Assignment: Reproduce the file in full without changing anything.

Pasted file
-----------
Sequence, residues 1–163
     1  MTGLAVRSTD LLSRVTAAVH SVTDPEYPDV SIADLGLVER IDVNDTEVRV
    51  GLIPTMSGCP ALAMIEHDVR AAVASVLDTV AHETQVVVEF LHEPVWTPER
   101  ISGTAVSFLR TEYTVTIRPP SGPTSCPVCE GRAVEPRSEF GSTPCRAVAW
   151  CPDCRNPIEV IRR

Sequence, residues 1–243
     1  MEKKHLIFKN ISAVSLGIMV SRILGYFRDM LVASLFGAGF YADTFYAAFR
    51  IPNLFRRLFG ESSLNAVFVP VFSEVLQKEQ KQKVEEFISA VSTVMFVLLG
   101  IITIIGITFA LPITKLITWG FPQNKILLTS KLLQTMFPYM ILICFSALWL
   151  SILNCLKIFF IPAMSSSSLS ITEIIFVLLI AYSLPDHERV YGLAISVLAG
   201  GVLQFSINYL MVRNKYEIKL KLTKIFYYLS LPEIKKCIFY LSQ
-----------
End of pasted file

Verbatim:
Sequence, residues 1–163
     1  MTGLAVRSTD LLSRVTAAVH SVTDPEYPDV SIADLGLVER IDVNDTEVRV
    51  GLIPTMSGCP ALAMIEHDVR AAVASVLDTV AHETQVVVEF LHEPVWTPER
   101  ISGTAVSFLR TEYTVTIRPP SGPTSCPVCE GRAVEPRSEF GSTPCRAVAW
   151  CPDCRNPIEV IRR

Sequence, residues 1–243
     1  MEKKHLIFKN ISAVSLGIMV SRILGYFRDM LVASLFGAGF YADTFYAAFR
    51  IPNLFRRLFG ESSLNAVFVP VFSEVLQKEQ KQKVEEFISA VSTVMFVLLG
   101  IITIIGITFA LPITKLITWG FPQNKILLTS KLLQTMFPYM ILICFSALWL
   151  SILNCLKIFF IPAMSSSSLS ITEIIFVLLI AYSLPDHERV YGLAISVLAG
   201  GVLQFSINYL MVRNKYEIKL KLTKIFYYLS LPEIKKCIFY LSQ